Long train running
In the Ideas section of today's Boston Globe, there was an absolutely fascinating article about how officials in India were using "behavioral architecture" to keep poverty-stricken people living near the train line from being killed while crossing the tracks.
The article titled "Train! How psychological tricks can keep people from being killed on the tracks" tells the story about how one area in India employed three changes to keep people aware of the danger of crossing the tracks and fatalities plummeted. First, it was found that people have trouble telling the speed of large objects so they painted sections of the railroad ties yellow to give better perspective of velocity. Second, the warning signs around the tracks using stick figures were replaced with horrific (staged) pictures of an actor being mowed down by a train (see at link). Finally, the warning whistle for the trains was altered:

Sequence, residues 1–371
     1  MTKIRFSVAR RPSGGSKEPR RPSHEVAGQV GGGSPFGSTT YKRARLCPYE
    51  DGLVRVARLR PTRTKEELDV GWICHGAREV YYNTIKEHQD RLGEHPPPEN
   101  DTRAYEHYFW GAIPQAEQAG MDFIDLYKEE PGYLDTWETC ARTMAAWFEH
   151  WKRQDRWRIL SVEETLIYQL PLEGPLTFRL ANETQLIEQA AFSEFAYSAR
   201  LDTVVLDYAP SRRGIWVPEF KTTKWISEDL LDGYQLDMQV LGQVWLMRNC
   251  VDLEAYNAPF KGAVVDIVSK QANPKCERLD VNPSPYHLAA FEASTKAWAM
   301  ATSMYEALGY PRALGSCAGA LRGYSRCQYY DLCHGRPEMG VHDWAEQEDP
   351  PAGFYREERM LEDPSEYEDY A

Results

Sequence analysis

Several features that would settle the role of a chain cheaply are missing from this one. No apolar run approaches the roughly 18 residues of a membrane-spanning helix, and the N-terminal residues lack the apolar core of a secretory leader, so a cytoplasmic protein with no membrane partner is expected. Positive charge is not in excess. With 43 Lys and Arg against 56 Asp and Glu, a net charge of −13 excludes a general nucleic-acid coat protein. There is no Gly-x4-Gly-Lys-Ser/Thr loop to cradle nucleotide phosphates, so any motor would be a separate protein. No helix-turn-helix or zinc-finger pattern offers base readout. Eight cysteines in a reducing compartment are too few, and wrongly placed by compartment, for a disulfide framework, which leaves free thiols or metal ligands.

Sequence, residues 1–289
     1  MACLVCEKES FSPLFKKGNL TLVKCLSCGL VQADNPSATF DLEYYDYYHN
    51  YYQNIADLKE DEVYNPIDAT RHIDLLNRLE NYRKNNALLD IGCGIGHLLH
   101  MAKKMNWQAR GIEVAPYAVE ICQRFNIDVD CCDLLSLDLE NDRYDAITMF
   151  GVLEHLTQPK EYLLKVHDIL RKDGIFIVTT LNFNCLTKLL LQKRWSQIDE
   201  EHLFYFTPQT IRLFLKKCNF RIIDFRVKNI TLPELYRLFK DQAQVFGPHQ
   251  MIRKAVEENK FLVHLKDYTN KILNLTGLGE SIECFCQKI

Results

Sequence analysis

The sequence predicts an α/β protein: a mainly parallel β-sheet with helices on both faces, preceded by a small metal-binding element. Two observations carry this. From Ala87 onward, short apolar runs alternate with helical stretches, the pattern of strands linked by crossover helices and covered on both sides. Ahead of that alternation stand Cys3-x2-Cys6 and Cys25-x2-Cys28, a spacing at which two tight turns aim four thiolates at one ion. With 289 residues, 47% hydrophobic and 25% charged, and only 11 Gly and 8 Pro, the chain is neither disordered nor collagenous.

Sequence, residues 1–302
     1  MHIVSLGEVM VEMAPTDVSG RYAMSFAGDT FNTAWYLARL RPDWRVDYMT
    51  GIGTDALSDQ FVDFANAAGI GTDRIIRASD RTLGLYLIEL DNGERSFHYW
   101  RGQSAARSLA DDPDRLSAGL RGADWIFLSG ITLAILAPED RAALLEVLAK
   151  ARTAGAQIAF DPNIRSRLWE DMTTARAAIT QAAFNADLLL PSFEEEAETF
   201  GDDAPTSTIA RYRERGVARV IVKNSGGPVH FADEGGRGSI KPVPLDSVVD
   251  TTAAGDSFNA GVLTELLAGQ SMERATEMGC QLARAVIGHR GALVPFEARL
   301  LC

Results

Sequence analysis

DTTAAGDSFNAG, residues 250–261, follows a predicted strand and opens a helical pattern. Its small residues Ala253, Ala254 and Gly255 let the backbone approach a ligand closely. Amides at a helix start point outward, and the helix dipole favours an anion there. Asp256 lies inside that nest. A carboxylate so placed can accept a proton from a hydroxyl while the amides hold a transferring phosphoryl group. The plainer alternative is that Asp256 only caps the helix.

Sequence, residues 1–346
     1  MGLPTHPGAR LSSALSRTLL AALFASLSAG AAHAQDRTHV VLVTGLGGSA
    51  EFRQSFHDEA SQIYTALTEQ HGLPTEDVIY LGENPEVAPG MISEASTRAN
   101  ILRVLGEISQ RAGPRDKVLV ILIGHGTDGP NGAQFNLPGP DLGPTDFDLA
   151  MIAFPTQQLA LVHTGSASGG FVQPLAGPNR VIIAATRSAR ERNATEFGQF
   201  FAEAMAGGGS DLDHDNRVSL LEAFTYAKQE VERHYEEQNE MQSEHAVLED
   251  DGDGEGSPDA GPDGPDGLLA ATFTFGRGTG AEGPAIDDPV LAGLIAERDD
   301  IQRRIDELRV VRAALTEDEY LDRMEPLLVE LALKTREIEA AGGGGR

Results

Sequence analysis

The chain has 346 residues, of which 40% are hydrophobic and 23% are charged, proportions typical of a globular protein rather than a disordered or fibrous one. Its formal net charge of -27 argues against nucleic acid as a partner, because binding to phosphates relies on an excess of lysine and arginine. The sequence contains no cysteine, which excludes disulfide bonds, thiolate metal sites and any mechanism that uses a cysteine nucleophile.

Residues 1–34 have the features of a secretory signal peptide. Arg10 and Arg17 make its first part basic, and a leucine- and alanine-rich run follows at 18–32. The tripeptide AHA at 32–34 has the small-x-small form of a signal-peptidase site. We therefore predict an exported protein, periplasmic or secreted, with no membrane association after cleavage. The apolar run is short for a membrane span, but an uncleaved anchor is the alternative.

Final Mile’s third intervention required train drivers to switch from one long warning whistle to two short, sharp blasts. By way of explanation, Dominic cited a 2007 paper from the Stanford University School of Medicine, which found that brain activity - and hence alertness - peaks during short silences between two musical notes. "The silence sets up a kind of expectation in the brain," said Vinod Menon, the paper's senior author and a behavioral scientist working with the Stanford Cognitive and Systems Neuroscience Lab. "That’s the way it works in music, and it isn’t inconceivable that it would work similarly with train whistles."It's kinda like the false ending in the Young Rascals hit "Good Lovin'" where you're waiting for the song to re-start. In all. a very interesting article about how psychology and behavioral science are employed to solve a problem and save lives.